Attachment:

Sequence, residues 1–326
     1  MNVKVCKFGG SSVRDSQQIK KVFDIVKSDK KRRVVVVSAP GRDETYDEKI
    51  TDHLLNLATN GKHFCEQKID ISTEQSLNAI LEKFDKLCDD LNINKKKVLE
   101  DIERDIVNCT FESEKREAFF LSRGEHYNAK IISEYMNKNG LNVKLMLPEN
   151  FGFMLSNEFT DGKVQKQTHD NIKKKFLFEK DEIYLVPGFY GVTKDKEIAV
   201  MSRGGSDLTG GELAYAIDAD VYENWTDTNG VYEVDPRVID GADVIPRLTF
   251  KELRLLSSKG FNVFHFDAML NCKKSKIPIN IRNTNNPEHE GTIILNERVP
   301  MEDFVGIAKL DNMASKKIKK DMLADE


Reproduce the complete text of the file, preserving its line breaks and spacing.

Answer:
Sequence, residues 1–326
     1  MNVKVCKFGG SSVRDSQQIK KVFDIVKSDK KRRVVVVSAP GRDETYDEKI
    51  TDHLLNLATN GKHFCEQKID ISTEQSLNAI LEKFDKLCDD LNINKKKVLE
   101  DIERDIVNCT FESEKREAFF LSRGEHYNAK IISEYMNKNG LNVKLMLPEN
   151  FGFMLSNEFT DGKVQKQTHD NIKKKFLFEK DEIYLVPGFY GVTKDKEIAV
   201  MSRGGSDLTG GELAYAIDAD VYENWTDTNG VYEVDPRVID GADVIPRLTF
   251  KELRLLSSKG FNVFHFDAML NCKKSKIPIN IRNTNNPEHE GTIILNERVP
   301  MEDFVGIAKL DNMASKKIKK DMLADE